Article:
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Current Mars News and Events, Mars News Articles.
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Arizona State researchers use multispectral images to reveal origin and evolution of planet Mercury
Using high-resolution and multispectral images, researchers have started the difficult process of determining the composition of Mercury's crust and chronicling its origin and evolution. (2009-04-30)

Rice students win NASA national design award
Five senior bioengineering students have designed a device to help astronauts keep their skeletons strong and healthy by measuring bone mineral density loss, literally on the fly. Their design of a bone-remodeling monitor for use in microgravity shared the top prize in NASA's third annual Systems Engineering Competition. (2009-04-23)

Mars explorer says we'll find life on other planets within 10 years
Within 10 years, we'll find life outside Earth -- that's the prediction of Peter Smith, the University of Arizona professor who led NASA's Phoenix Mars Mission. Smith held the audience spellbound in his lecture, (2009-04-21)

The search for unusual alien life on Earth and life that can survive on Mars
Questions such as (2009-04-21)

Polar pioneers of Earth and Mars receive American Geographical Society awards
Arctic explorers of Earth -- and Mars -- were presented national medals on April 15 at the University of Delaware during the awards ceremony of the American Geographical Society, the oldest nationwide geographical organization in the United States, founded in 1851. Researchers who played a significant role in saving the society's library, one of the largest geographical collections in the world, also were recognized. (2009-04-21)

Features of early Martian environment and presence of water drive search for life forms
Solar energy and winds, collisions with asteroids and comets, and changing magnetic fields have all altered the environment of Mars, a planet that may have been able to support life during its history, as documented in a special collection of papers published in the current issue of Astrobiology. (2009-04-16)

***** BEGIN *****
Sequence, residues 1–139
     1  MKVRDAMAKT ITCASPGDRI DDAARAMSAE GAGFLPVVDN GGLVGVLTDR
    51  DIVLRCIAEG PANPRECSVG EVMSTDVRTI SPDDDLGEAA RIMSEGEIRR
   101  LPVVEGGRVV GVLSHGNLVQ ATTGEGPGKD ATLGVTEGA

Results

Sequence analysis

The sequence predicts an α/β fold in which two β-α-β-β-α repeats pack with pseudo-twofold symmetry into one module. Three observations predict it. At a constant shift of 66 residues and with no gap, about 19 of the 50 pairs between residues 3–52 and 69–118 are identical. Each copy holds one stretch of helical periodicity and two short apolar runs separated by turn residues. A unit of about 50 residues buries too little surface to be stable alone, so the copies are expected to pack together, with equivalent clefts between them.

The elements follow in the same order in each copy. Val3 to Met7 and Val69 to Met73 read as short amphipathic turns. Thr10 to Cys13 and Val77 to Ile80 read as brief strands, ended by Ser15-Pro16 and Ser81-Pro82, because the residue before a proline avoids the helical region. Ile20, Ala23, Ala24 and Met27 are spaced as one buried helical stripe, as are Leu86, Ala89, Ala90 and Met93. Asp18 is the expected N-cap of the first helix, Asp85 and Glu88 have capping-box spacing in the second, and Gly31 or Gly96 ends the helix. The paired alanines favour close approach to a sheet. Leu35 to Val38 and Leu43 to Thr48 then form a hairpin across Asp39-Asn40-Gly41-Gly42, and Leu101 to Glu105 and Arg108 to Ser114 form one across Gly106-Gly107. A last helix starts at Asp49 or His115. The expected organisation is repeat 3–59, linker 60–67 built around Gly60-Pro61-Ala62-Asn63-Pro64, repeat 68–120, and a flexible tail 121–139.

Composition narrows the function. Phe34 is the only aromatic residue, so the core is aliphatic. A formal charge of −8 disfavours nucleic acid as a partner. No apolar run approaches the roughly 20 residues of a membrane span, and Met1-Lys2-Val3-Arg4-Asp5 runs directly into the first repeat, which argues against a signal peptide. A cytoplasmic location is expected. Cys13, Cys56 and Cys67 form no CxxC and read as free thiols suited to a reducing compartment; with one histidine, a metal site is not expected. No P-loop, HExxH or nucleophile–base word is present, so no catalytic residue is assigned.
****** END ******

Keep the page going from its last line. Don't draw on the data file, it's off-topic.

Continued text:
Control of hypersonic vehicles for planetary capture and entry missions
Global Aerospace Corp. announced today that it has begun development of a Hypersonic Control Modeling and Simulation Tool. This tool will allow engineers to model and simulate optimal control trajectories for planetary atmospheric entry and descent, aerodynamic orbital capture, and aerodynamic gravity assist missions. This new tool has direct applications to NASA Exploration missions to the Moon, Mars and Earth-return in addition to robotic space science missions to planets and satellites with substantial atmospheres. (2009-04-15)

Journey to the Martian arctic with space explorer April 16
Peter Smith, principal investigator of NASA's Phoenix Mars Mission, will highlight the novel spacecraft's discoveries in the (2009-04-09)

American Geographical Society awards honor Henson, Smith on April 15 at UD
The American Geographical Society's awards ceremony on Wednesday, April 15, at the University of Delaware will honor past and present polar explorers -- of this planet and of Mars. Also recognized will be the researchers who oversaw the gargantuan task of relocating the society's library, described as (2009-04-06)